Abuse victim ‘not chased’ for legal costs

THE State Claims Agency (SCA) has dismissed reports that it is aggressively pursuing legal costs of €500,000 from an abuse victim who lost her case for damages against the State.

The agency said it is precluded from pursuing costs because the case is still under appeal, and even if it was it would not be acting “aggressively”.

Ciarán Breen, head of claims and deputy director of the SCA, said Mr Justice de Valera made an order on March 23, putting a stay on the State’s €500,000 costs until the determination of Louise O’Keeffe’s Supreme Court appeal.

“That judgment was formally delivered in early May and precluded us from even negotiating anything. So the State is not pursuing her for those costs, because we cannot do so,” Mr Breen said.

“In any case, we would not be aggressively pursuing them as has been reported.”

The State side will fully contest the appeal, being taken after the High Court ruled the State was not liable for the abuse suffered by Ms O’Keeffe as a child at the hands of her primary school principal.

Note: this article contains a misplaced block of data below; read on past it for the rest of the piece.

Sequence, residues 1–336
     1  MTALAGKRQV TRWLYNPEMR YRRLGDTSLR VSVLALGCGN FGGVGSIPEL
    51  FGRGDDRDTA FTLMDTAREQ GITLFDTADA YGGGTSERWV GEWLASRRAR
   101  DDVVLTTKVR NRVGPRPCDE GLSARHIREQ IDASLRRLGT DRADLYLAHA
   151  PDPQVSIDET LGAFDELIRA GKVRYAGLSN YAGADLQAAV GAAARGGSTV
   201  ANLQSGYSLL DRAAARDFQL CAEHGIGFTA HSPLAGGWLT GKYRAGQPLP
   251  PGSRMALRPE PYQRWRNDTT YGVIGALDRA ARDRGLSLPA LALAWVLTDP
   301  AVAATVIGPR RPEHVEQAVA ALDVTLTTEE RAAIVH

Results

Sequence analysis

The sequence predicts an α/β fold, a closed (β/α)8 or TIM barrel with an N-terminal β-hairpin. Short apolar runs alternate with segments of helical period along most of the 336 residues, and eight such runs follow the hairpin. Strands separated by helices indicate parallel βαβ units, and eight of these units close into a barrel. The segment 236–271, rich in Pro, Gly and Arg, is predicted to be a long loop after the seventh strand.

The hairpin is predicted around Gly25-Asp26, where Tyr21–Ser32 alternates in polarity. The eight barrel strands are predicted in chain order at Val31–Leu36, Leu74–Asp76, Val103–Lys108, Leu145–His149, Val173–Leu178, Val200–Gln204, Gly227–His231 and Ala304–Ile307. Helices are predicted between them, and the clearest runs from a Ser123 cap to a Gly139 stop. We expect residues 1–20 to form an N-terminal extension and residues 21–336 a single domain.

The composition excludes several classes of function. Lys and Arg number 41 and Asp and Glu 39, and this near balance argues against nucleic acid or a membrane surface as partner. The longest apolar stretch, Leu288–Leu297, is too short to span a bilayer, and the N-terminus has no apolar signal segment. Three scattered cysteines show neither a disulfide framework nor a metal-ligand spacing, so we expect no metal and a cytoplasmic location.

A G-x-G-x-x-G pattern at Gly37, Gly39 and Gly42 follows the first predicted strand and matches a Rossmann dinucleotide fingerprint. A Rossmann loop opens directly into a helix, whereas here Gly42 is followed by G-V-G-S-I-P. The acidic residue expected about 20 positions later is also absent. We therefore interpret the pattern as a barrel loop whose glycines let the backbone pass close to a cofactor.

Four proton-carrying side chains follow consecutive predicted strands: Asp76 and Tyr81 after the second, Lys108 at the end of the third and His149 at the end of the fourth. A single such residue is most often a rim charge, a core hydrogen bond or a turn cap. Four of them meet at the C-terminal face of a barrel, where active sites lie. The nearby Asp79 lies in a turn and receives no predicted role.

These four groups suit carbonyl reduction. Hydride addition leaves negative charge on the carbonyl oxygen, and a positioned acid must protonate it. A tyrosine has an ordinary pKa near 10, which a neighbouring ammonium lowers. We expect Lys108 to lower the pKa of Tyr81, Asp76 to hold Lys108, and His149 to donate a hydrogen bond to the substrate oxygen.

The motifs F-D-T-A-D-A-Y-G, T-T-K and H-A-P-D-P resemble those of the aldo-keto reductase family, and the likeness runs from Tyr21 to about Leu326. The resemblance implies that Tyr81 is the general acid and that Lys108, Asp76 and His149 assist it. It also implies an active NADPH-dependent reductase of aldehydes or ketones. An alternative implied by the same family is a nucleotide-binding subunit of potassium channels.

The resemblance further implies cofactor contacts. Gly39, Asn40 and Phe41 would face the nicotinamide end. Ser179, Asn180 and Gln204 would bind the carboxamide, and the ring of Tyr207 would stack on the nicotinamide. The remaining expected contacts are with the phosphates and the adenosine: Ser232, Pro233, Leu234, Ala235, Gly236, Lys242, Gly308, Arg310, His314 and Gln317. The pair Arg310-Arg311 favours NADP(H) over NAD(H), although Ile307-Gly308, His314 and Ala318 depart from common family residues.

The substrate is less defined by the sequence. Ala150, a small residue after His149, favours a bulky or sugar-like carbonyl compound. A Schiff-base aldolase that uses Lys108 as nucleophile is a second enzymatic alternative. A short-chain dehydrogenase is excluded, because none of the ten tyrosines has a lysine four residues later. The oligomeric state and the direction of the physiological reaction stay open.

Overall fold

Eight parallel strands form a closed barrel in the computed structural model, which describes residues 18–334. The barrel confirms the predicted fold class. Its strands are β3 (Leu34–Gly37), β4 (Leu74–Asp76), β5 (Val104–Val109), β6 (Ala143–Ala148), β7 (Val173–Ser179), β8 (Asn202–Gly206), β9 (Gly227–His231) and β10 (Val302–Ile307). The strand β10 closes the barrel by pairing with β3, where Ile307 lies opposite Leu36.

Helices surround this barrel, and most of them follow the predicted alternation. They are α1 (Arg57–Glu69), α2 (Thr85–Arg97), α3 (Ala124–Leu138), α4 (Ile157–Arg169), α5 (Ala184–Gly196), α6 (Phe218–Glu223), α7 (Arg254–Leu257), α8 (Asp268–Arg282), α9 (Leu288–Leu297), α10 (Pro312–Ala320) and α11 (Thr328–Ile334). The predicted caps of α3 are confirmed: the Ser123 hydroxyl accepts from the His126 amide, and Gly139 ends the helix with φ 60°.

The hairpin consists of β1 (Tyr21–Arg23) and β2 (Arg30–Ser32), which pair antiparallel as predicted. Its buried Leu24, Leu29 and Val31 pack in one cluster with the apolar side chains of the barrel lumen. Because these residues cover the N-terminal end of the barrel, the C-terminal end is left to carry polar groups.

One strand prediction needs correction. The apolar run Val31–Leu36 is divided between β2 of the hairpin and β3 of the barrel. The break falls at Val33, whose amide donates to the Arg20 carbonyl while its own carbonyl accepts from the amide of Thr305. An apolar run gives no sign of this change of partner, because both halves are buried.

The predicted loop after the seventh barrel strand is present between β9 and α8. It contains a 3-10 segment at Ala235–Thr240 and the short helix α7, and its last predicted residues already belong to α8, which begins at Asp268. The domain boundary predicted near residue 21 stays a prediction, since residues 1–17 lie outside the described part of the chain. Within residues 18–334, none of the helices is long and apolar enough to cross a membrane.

The High Court awarded her €305,104 in damages this week arising from her parallel action against Leo Hickey, who indecently assaulted her 20 times when she was a pupil at Dunderrow National School near Kinsale, Co Cork, in the 1970s, but his ability to pay the damages is unclear. He was jailed for three years in 1998 after pleading guilty to charges of indecent assault.

Ms O’Keeffe, 42, a mother-of-two from Dunmanway, Co Cork, began proceedings against Hickey and the State in 2004, but the State side denied liability for the assaults.

It is expected to be at least a year before the appeal of the case against the State will get to hearing.

The stay on costs in Ms O’Keefe’s case against the State was referred to by Taoiseach Bertie Ahern in the Dáil yesterday.

“The woman lost her case in the High Court and, because there was a large bill, I said we would do that. I understand that the State Claims Agency told the lady’s solicitor on the record at an early meeting that, while some arrangements would have to be made regarding costs, there was no question whatsoever of her losing her house — so that does not arise,” he said.

“However, the lady’s solicitor informed the agency that she intended to appeal the case to the Supreme Court, so obviously I could not go any further. If she did not want us to deal sympathetically and in a measured way with the issue at the end of the High Court case, but wished to proceed to the Supreme Court, as was her right, then I could do nothing,” Mr Ahern said in response to a question on the matter from Labour Party leader Pat Rabbitte.

Education Minister Mary Hanafin, whose department was the named State plaintiff, refused to be drawn on the matter yesterday.

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